© 2019 TRI

PROMOTING TECHNOLOGY, SCIENCE, & ART

The Rover Institute engages in research to advance geospatial science in new avenues. TRI's projects leverage technology, science, and art to promote awareness of critical global issues.

WEB MAPPING

MAPPING THE HUMAN IMPACT


The Rover Institute is currently working on a web map of the negative impacts of human activity on a global scale. The project is a non-for-profit endeavor, incorporating content from various artists and organizations from around the world. Through this project, TRI is blending technology, science, and art to promote critical issues to a global audience.


Click here to see the alpha release of the Human Impact Map.


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Figure 1. Screenshots of the Human Impact Map.

ENVIRONMENTAL IMPACT ASSESSMENTS

DATA COLLECTION & DESKTOP STUDIES


TRI has expereince producing environmental impact assessments. We specialize in the geospatial component of an EA or EIS, which is critical to conducting a thorough analysis of the affected environment. Our experience in data collection, geospatial analysis, scientific writing, and cartography, enable us produce products that meet the guidlines defined by the NEPA and CEQA processes. Our experience with graphic design also enables us to produce infographics and other visual products to improve upon traditional data displays.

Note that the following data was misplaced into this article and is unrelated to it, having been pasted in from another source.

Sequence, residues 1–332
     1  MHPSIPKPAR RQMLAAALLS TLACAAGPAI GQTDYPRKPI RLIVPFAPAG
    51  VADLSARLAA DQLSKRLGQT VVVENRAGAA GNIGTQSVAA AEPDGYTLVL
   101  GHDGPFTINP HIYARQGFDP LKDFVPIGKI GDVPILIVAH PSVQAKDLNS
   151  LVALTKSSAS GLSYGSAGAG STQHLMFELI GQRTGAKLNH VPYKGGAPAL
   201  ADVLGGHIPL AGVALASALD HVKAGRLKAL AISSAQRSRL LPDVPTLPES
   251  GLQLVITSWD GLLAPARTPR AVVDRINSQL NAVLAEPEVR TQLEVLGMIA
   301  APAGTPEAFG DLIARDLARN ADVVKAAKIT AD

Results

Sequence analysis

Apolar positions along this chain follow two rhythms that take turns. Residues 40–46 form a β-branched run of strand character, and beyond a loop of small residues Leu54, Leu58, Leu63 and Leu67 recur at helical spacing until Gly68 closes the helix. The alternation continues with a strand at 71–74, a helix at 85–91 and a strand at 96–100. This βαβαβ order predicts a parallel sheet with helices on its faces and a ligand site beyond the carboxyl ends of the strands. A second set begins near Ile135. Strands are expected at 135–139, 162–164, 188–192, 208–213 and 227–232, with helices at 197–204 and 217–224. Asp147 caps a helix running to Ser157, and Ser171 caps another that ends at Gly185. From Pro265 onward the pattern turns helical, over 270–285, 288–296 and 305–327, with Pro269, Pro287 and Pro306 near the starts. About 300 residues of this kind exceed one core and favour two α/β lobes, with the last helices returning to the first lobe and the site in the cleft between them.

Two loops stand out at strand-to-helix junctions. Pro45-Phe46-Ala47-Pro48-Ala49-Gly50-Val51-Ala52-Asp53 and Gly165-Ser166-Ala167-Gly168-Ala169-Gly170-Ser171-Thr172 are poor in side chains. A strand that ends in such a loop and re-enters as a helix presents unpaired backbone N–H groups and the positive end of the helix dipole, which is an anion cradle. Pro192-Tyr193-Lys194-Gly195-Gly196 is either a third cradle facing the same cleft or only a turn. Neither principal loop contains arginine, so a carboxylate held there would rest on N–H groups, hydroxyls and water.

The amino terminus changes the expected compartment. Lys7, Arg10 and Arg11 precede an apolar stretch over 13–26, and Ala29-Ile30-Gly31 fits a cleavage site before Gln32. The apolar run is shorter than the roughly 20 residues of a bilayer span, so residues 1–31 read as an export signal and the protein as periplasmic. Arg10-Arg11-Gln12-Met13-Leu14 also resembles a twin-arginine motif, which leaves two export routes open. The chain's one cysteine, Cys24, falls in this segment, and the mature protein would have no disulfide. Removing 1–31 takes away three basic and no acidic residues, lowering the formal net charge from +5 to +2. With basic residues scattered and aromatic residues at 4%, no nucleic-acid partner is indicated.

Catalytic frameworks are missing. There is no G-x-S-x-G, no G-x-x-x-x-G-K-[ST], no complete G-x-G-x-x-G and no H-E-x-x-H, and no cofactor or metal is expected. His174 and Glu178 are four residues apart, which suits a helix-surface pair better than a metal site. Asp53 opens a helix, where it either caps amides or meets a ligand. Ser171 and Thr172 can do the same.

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Figure 1. Map sample.

AGRICULTURE

MAXIMIZING YIELDS AND REDUCING COSTS


Data collection from the air and on the ground can provide farmers and ranchers with the data they need to maximize yields and reduce costs. TRI has worked with ranchers in the San Juaquin Valley to explore methods of data collection for agriculture via sUAS and mobile mapping techniques.


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Figure 1. Aerial image of deep ripping around 30 foot buffers established around protected vernal pool habitat.


Figure 2. Sample map created to define the location of an easement for agricultural access.

NATURAL RESOURCES

MAPPING RIPARIAN ZONES


Mapping riparian zones can be a critical step in assessing their ecological value. Digital elevation models generated during baseflow periods can be used to determine water volume and depths throughout waterways. This information can be used to generate models of riverine systems. In a pilot study, TRI used a sUAS and structure-from-motion software to generate a digital surface modal of a portion of the East Fork of the San Gabriel River in Southern California. Results demonstrate that sUAS can effectively be used to generate digital elevation products of riverine habitat of high spatial and temporal resolutions.


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Figure 1. GIS products for a section of the East Fork of the San Gabriel River developed from data acquired with a small unmanned aircraft system.

GEOSPATIAL VISUALIZATIONS

A BLEND OF SCIENCE AND ART


The results of scientific research are often too dry to appeal to a broad audience. Bar charts, line graphs, and dense textual data often evoke more yawns than applause. Engaging audiences requires a touch of artistry that captivates the eye. Cartography has long been a way to engage audiences. Today, interactive web maps, infographics, and other graphic and video displays can present scientific data in a new light that audiences respond to with interest and excitement. TRI is devoted to developing new and unique ways to present scientific data.


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Figure 1. Visualization of Yosemite Valley developed by combining LiDAR data with NAIP imagery.

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